Despite his “rebranding” approach, Pourmohammadi’s polls do not look optimistic. Pourmohammadi’s odds for a win seem very low, with polls varying from 0.7% to 2% of voters supporting him. His dropout in favor of Pezeshkian could help him run against Saaed Jalili.

Saeed Jalili

Jalili is the leading hardline candidate in the race. A veteran of the Iran-Iraq war who lost part of his right leg in the conflict, he holds a PhD in Political Science from Imam Sadeq University, a key institution for educating revolutionary youth. He is a career foreign ministry official who also served as Secretary of the Supreme National Security Council, and Iran’s nuclear negotiator from 2007-2013.

It was during his tenure as the negotiator that the most severe and damaging UN Security Council resolutions were adopted against Iran. Jalili is known for his philosophical monologues in negotiations, and his live debates have not been much different.

On foreign policy, Jalili has long been a strong critic of engagement with the West, which he has called a “threat,” and argues that there is much more opportunity for Iran in the non-Western world. Jalili is a strong contender and some conservative outlets have called on other hardliners to drop out to support him. Polls indicate that Jaili is trailing Pezeshkian with 24% of the votes.

Alireza Zakani

(EDITOR'S NOTE: Zakani dropped out of the race on Thursday after this article was published).

Zakani is a conservative politician who is currently serving as the conservative mayor of Tehran. He previously served as a representative of Tehran in Majlis, and chaired the Special Overview Commission on JCPOA, but remained a strong critic of the nuclear agreement.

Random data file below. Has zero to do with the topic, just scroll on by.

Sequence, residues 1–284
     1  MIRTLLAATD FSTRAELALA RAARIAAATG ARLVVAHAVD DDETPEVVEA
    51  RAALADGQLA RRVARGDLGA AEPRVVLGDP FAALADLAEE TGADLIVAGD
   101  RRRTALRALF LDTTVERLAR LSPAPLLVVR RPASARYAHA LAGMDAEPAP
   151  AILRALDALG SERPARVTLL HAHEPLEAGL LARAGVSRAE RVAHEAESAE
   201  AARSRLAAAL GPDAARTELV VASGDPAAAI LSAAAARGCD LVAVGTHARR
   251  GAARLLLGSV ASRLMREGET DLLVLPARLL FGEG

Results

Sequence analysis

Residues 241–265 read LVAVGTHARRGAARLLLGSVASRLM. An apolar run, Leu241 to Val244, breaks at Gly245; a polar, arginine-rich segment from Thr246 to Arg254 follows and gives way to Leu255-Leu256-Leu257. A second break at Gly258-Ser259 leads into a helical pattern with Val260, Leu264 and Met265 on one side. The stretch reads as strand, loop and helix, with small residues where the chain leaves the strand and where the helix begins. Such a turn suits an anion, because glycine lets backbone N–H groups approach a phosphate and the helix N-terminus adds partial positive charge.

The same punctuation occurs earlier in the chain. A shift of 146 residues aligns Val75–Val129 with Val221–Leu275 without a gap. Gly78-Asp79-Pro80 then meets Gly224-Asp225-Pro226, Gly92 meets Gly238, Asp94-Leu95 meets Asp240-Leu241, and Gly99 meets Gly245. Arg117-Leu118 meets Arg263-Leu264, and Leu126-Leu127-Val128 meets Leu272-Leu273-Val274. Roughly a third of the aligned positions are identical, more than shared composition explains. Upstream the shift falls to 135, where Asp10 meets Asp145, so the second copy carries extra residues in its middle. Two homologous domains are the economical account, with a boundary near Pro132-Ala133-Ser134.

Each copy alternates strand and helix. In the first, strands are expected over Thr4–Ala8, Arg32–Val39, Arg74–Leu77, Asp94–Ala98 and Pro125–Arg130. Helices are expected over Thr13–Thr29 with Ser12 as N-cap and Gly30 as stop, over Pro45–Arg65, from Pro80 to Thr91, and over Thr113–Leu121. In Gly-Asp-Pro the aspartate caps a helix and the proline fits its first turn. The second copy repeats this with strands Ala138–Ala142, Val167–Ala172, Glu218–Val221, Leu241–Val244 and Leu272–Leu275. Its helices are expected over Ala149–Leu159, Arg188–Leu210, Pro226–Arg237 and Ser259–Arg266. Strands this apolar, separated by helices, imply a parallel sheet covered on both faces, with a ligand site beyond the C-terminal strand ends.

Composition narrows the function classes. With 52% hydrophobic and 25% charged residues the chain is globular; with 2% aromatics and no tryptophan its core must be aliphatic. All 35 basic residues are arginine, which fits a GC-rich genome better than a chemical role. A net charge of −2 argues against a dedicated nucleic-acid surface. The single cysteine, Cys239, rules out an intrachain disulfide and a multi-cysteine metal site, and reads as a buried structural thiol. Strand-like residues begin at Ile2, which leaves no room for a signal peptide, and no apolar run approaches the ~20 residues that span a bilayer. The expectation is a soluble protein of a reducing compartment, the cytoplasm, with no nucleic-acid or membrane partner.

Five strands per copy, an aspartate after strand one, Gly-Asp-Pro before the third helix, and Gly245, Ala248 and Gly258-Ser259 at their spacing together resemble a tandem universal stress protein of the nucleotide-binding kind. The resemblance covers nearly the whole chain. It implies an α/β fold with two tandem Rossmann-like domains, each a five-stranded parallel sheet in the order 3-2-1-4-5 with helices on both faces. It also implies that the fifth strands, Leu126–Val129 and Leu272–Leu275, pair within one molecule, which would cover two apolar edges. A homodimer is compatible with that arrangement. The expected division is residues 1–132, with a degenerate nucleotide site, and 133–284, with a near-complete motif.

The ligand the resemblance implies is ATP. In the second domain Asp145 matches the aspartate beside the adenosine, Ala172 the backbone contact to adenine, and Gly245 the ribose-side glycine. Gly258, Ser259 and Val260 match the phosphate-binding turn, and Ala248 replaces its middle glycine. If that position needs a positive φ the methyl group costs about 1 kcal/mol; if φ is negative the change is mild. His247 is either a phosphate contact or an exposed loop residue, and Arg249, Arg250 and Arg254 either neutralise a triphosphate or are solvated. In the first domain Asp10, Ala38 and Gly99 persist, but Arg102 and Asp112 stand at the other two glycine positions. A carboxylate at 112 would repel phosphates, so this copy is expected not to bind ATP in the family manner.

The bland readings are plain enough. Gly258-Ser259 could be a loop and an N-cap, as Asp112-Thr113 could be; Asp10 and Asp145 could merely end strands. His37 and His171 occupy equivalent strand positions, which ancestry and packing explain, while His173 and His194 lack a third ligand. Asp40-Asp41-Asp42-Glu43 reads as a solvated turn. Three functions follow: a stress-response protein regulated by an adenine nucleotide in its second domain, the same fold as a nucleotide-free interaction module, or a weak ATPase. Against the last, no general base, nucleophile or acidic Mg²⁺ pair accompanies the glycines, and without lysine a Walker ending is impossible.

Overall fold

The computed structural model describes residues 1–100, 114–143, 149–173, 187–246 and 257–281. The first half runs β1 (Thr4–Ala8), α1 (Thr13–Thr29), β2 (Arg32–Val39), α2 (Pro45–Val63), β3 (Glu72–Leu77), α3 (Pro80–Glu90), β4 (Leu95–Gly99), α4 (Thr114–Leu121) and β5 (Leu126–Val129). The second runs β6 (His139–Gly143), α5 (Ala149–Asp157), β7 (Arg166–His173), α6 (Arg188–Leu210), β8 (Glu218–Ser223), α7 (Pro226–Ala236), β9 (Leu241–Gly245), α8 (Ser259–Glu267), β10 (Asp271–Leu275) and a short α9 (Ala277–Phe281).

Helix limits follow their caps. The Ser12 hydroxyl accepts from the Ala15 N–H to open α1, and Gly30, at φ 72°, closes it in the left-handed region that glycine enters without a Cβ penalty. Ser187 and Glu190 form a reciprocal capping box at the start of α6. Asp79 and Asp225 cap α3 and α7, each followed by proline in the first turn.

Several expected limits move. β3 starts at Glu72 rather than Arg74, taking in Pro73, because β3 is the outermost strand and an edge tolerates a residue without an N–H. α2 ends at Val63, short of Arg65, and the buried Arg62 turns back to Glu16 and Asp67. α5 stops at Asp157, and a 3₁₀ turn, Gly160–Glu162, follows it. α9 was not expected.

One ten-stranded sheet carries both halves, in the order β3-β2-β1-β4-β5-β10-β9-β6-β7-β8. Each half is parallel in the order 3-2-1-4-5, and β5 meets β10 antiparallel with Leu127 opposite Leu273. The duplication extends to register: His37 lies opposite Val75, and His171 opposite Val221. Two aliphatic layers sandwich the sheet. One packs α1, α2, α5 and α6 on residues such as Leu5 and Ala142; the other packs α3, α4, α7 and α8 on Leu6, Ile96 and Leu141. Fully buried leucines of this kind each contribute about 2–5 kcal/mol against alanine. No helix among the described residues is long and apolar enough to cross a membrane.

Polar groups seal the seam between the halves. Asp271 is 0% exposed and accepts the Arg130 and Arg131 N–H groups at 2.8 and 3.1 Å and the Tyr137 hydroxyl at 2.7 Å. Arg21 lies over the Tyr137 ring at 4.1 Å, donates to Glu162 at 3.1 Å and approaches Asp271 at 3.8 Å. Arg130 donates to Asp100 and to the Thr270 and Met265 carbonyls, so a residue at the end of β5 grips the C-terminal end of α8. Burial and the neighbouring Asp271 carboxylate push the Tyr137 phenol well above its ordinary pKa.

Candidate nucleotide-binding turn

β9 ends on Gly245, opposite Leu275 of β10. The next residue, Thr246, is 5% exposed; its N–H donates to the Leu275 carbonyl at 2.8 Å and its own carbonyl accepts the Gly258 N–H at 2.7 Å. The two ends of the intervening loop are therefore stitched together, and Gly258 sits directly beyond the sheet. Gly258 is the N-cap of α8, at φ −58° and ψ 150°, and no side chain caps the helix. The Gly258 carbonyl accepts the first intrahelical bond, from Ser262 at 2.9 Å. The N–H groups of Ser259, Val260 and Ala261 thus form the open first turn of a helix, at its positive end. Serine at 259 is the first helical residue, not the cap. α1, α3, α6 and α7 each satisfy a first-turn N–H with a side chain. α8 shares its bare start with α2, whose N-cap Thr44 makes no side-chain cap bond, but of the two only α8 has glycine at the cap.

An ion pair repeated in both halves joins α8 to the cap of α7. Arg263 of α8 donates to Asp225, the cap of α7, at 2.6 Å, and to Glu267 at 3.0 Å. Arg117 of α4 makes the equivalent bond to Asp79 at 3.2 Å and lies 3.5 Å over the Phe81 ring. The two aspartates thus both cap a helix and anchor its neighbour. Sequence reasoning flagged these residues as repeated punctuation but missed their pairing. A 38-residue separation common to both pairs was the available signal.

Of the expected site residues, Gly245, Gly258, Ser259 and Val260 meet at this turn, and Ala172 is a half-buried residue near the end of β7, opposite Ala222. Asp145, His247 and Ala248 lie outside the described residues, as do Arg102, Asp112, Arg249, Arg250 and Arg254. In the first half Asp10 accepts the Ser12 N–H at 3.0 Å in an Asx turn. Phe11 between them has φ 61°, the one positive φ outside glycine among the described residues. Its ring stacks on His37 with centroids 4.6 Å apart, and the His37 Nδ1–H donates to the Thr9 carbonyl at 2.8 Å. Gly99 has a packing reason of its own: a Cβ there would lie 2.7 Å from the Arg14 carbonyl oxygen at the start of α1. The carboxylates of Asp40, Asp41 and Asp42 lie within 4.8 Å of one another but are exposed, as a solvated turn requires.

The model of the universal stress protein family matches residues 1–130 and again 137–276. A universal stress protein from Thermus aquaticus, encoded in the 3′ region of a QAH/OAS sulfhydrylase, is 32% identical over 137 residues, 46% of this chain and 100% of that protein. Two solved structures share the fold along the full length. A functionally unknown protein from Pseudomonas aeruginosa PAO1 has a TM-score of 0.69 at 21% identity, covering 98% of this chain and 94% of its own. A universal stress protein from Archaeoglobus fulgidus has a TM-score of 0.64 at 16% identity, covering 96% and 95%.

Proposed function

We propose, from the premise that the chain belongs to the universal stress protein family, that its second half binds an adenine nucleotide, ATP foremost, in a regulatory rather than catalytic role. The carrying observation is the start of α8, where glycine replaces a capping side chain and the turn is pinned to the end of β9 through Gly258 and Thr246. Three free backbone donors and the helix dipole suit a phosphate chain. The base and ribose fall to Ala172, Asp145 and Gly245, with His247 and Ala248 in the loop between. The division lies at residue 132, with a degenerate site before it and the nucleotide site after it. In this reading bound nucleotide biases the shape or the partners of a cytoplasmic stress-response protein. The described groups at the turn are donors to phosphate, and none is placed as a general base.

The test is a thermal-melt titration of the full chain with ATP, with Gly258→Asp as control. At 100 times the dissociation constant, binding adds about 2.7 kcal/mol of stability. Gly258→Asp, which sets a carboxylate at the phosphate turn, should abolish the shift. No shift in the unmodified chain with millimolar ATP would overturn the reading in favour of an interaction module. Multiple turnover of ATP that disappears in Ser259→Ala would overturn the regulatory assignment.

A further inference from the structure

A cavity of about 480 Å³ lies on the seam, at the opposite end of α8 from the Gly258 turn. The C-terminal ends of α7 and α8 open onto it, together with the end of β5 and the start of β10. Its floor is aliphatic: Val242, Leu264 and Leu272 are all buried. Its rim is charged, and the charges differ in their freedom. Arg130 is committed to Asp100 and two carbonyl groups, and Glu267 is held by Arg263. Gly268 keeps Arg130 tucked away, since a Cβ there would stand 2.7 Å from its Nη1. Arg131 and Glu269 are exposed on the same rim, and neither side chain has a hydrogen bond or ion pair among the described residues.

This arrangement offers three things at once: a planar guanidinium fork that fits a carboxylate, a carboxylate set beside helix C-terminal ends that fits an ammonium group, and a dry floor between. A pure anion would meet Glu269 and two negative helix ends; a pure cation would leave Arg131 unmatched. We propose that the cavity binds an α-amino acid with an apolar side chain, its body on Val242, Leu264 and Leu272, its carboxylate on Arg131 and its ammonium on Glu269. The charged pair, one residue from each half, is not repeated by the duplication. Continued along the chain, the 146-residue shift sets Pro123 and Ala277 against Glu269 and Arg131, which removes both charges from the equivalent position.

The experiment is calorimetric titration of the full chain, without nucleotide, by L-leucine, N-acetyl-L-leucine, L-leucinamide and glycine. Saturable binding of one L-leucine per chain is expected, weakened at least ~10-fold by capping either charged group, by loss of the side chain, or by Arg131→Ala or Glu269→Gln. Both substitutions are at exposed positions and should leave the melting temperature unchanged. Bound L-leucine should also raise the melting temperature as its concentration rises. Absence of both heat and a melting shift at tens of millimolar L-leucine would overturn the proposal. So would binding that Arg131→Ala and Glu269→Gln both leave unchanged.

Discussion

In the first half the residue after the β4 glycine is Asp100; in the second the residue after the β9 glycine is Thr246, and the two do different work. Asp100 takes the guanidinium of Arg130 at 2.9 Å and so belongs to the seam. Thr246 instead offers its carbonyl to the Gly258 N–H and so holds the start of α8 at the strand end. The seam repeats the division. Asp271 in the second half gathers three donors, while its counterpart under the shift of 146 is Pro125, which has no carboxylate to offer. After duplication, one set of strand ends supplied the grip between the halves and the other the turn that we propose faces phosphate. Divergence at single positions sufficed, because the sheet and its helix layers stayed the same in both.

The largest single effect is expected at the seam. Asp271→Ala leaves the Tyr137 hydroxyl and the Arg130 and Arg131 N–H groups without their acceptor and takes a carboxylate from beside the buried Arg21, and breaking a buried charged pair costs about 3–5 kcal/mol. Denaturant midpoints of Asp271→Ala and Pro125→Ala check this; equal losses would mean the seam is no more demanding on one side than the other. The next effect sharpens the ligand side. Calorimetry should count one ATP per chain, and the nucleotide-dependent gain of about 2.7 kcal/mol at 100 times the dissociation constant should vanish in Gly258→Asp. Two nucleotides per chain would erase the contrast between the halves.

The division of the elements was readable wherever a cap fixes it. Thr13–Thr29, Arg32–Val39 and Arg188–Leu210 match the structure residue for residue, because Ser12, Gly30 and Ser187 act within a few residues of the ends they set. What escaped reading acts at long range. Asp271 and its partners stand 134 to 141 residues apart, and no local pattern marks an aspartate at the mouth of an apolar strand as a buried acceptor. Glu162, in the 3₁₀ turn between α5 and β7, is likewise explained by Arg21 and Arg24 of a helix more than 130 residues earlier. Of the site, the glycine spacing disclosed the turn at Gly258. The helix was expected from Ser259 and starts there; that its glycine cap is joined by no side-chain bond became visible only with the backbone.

Zakani also ran in the presidential elections of 2021 but dropped out of the race. During the televised debates, Zakani rejected the “begging diplomacy,” in dealing with foreign nations, asserting that “Iran must become self-reliant to earn international respect.”

While he has admitted to the impact of sanctions, his approach prioritizes “neutralizing” the sanctions. Zakani’s tenure as the mayor of Tehran is marred with the establishment of Hijab-Baanor the Guardians of Hijab at Tehran’s metro stations after the Mahsa Movement faded. Zakani is the second “cover candidate” who is likely going to withdraw, especially since his chances of success are very low. Polls indicate that a mere 1.7% of voters support his candidacy.

What issues will matter to voters?

The June 28 elections in Iran revolve around the economy, foreign relations, and social freedoms. In reality, this is a battle between those who wish for an outward-looking Iran that engages with the world, and those who seek an isolated Iran.

All candidates have acknowledged the severe economic problems at home, but their approach to resolving the issue is fundamentally different. While Qalibaf, Pourmohammadi, and Pezeshkian have called for nuclear diplomacy to lift the sanctions, Jalili and Zakani have openly criticized engagement, instead emphasizing domestic opportunities.

It seems, however, that Khamenei has picked his side. In an unusual move, just days before the elections, Khamenei criticized those politicians who seek relations with the U.S., saying that if they succeed in this election, they should not turn to those who pursue relations with America.

"Those who are attached to America and think that without America's favor, nothing can be achieved in the country, will not be good partners for you," he added.

Pezeshkian, who favors improved relations with the U.S., faces dire challenges of voter turnout and Khamenei’s anger, who has long been skeptical of relations with Washington. If no conservative candidate drops out and the votes are split among them, a second round between Jalili and Pezeshkian, who offer two fundamentally different worldviews, would determine the fate of the presidency.

Iranian men are standing together under a portrait of Iran's Supreme Leader, Ayatollah Ali Khamenei, while participating in a rally commemorating Eid al-Ghadir in Tehran, Iran, on June 25, 2024, during Iran's 2024 early Presidential elections campaigns rally. (Photo by Morteza Nikoubazl/NurPhoto)